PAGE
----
Today’s guest blogger is Eric Snethkamp, global channels & strategic alliances manager for SafeGuard World International and a Alliance Partner of International Staffing Consultants. For nearly a decade, organizations around the world have relied on SafeGuard World for their global HR needs, specifically around payroll and employee compliance
The new age of “The Uber Economy” or “the Gig Economy” has brought the Independent Contractor engagement model into the spotlight. On any given day you’ll find headlines covering the successes and failures of Independent Contractor engagements. Unfortunately, many of those headlines feature words like “misclassification” and “lawsuit”.
The need to engage with workers for short or long time periods, or for specialized services, or out of necessity when expanding internationally is only going to keep growing. As a result, new tools, structures and services are continually created to help facilitate the engagement of Freelancers or Independent Contractors. In this post, we’re going to explore how governments define the engagement of Independent Contractors including problem areas and potential solutions.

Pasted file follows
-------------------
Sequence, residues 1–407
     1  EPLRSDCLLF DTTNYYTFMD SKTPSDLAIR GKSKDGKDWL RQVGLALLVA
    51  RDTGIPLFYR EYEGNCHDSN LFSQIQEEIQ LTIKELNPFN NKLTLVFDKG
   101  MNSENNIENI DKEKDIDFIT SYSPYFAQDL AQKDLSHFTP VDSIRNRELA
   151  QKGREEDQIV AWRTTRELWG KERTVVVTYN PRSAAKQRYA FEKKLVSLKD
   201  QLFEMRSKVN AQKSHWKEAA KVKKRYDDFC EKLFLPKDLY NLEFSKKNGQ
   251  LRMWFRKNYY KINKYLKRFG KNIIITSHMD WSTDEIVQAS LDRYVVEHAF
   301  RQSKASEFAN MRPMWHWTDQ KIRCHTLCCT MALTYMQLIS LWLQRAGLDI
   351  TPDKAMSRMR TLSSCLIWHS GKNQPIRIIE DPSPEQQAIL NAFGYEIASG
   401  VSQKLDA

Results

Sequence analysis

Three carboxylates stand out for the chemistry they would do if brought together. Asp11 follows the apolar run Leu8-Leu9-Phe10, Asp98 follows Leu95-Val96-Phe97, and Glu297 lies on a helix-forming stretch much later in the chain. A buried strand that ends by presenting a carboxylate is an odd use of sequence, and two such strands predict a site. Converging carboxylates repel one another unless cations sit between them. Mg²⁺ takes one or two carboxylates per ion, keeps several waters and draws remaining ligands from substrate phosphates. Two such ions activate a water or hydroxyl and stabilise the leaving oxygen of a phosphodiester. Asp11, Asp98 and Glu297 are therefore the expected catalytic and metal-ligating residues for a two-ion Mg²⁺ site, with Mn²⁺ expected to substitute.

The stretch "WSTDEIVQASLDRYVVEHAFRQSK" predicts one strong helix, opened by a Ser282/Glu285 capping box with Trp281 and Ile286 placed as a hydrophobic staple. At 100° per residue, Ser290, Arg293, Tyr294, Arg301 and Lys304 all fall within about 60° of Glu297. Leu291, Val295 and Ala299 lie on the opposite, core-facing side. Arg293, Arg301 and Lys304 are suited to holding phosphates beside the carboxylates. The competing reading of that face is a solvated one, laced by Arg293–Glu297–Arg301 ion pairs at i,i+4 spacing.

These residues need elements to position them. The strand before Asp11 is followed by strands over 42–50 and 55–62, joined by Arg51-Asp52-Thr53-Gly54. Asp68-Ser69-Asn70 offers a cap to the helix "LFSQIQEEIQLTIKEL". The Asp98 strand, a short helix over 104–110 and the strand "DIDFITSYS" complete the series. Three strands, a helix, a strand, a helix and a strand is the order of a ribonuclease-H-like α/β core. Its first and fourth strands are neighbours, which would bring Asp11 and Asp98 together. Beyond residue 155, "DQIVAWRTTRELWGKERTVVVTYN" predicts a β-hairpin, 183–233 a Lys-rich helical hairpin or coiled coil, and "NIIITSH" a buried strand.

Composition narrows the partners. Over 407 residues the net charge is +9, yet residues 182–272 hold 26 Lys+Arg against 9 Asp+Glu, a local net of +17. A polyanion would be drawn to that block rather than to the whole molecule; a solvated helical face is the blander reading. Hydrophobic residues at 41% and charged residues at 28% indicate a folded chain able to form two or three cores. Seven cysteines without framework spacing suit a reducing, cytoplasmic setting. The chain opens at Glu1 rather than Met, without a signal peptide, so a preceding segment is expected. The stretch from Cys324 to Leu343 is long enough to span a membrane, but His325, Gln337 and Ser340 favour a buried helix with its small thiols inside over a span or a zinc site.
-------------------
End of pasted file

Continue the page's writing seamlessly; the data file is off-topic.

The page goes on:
First, and most importantly, we should understand what defines an Independent Contractor versus a Direct Employee.
When engaging people in a working relationship internationally, determining if a worker is an Independent Contractor or Direct Employee varies from country to country. In general, the more a business controls the work activities of an Independent Contractor, the more likely that business can be classified as an employer.